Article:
In the world of medicine, lasers have been used for a very long time.  Their purpose has varied over the years and new applications for laser are becoming the future of some treatments.  However, there are many conditions that cannot be "cured" with lasers.  We'll review a few of the things that lasers ARE used for, and also give you some idea why they aren't used for everything.

Lasers have been around since about 1951.  The first time lasers were reportedly used in medicine was in 1962.  In 1963, a doctor by the name of McGuff first experimentally used laser for the treatment of atherosclerotic plaques.  There are many different types of lasers.

CO2 lasers produce a beam of infrared light and can be used for dermabrasion and skin resurfacing.  Diode lasers have been used to control blood loss in surgery. Excimer lasers are a form of ultraviolet laser that are used in eye surgery.  When it comes to podiatry, lasers are now being used for nail fungus treatment, wart treatment, tattoo removal and also sometimes pain relief. 

Lasers can be used to break up the pigments that are placed in the skin to create tattoos.  Tattoos created with black ink are easiest to remove because black absorbs all wavelengths of light.  Removal of tattoos is performed more often by cosmetic surgeons, as they will commonly have the various types of lasers needed to remove the different pigments used. 

Nail fungus is treated with laser now too.  The lasers shines through the nail to kill the underlying fungus and then as the nail grows out, it should be clear and with regular thickness.  Warts are effectively treated with laser because the laser is able to destroy the blood flow that the warts need to survive.  Lasers used for this type of treatment usually require assistance of a local anesthetic to make the procedure more tolerable.  Due to the damage created by the laser, in its effort to make the skin inhospitable to the virus, this treatment can be painful days following.  Another application of lasers in podiatry is for pain relief.  More often than not, lasers like this are used by physical therapists.  Lasers in this area are used similarly to how electrical stimulation is used in physical therapy.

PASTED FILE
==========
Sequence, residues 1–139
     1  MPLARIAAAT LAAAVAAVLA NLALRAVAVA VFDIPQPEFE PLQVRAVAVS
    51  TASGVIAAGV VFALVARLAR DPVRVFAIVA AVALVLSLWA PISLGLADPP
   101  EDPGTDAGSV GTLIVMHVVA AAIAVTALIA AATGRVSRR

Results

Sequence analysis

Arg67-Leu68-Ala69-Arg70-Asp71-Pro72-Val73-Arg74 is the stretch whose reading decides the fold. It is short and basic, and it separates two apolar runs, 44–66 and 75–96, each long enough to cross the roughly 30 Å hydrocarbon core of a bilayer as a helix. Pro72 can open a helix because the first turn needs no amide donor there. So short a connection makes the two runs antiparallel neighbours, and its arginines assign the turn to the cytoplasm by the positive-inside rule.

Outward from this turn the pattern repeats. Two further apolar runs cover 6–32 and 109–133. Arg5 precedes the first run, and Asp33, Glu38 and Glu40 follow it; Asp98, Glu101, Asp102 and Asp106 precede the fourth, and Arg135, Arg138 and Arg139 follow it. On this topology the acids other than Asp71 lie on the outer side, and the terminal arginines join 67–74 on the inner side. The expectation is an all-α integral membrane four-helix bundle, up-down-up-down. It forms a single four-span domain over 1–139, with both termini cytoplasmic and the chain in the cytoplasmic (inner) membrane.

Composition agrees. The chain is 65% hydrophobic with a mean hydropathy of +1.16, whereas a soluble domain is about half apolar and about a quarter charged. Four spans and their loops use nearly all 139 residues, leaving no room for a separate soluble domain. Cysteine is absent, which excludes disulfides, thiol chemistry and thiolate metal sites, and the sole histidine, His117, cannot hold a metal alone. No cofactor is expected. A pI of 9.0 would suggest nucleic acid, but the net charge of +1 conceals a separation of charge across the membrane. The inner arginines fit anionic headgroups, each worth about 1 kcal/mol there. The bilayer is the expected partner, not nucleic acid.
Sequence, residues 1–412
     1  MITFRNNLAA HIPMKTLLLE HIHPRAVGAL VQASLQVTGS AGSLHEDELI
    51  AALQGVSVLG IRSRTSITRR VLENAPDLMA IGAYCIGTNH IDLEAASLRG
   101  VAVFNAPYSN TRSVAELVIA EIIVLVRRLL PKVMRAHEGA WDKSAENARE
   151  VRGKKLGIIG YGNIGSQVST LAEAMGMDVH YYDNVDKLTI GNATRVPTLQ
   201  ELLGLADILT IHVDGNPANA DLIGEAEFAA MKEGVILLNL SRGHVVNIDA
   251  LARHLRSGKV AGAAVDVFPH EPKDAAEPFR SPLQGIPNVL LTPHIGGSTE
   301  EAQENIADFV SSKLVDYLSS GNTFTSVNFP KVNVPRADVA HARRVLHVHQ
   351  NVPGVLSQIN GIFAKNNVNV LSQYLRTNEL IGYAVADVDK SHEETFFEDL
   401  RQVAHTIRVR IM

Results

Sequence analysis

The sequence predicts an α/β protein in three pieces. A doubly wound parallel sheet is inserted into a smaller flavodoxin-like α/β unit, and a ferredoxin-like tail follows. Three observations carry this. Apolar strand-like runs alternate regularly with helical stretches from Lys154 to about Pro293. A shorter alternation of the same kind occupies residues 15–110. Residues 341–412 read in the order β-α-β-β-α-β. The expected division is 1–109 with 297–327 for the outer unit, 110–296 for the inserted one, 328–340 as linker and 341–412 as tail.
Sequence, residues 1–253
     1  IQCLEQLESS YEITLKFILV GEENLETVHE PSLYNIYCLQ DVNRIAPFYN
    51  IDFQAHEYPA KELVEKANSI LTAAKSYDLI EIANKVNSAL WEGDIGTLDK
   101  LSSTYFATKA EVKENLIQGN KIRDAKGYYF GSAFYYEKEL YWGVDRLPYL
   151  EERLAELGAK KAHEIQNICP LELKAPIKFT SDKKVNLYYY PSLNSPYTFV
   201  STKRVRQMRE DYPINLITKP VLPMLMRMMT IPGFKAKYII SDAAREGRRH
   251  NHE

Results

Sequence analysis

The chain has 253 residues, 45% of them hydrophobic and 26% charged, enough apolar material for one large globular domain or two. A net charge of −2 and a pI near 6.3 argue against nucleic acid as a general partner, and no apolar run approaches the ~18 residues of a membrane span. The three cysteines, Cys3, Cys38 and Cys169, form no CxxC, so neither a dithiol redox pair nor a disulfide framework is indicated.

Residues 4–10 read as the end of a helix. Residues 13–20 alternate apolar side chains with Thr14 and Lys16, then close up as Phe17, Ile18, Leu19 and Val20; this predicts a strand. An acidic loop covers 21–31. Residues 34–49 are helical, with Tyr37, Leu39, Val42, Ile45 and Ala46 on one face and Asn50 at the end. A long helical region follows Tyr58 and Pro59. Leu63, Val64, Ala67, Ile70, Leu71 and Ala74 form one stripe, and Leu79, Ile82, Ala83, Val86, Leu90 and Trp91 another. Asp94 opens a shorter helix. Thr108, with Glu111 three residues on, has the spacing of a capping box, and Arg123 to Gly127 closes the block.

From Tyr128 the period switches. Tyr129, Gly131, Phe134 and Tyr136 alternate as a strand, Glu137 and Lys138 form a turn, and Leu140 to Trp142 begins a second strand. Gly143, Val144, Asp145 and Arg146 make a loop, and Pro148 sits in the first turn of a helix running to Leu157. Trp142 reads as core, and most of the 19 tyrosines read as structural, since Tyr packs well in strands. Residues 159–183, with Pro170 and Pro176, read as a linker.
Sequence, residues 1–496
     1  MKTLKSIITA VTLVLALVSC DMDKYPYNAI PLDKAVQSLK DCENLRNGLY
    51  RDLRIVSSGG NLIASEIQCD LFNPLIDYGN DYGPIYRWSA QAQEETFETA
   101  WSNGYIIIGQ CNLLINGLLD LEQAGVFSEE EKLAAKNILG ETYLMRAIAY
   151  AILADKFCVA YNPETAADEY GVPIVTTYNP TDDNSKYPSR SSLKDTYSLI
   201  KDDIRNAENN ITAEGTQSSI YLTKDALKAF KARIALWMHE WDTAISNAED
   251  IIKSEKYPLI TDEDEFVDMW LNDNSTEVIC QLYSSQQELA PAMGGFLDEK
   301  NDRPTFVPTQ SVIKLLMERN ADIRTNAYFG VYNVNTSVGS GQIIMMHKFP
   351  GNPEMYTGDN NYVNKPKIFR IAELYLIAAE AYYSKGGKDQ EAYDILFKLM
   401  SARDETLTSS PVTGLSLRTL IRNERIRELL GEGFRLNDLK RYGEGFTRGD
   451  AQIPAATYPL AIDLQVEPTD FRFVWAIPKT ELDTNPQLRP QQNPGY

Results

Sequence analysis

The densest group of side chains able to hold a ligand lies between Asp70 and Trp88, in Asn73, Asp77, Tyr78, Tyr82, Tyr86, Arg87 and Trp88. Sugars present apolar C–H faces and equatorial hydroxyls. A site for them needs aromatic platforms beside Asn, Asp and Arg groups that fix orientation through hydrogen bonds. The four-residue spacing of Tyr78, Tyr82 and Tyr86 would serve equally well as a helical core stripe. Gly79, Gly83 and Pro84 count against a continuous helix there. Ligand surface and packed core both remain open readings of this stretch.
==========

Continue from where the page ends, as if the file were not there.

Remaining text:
I have been asked by a few people if their bunion or hammertoe can be fixed with a laser.  Some people want their calluses removed with a laser.  In identifying the cause of whatever ailment you want to have treated with laser, you can determine whether a laser is an appropriate treatment.  Lasers cannot magically be waved over a bunion and make them go away.  Typically laser use is limited to soft tissues - that is - skin, masses, etc - and bunions are a bone problem.  Bone is not well treated with lasers.  Even if a laser could cut bone, it would also heat up the bone to point that could kill the cells within the bone and damage the blood supply to the bone cut- making it difficult (if not impossible) to heal.

The bottom line?  Lasers are an organized beam of light and the effects lasers have on living tissues is thermal, or heat-producing.  Because heat is not used to cure all illnesses, lasers would also not be well suited to cure some more complex foot conditions.

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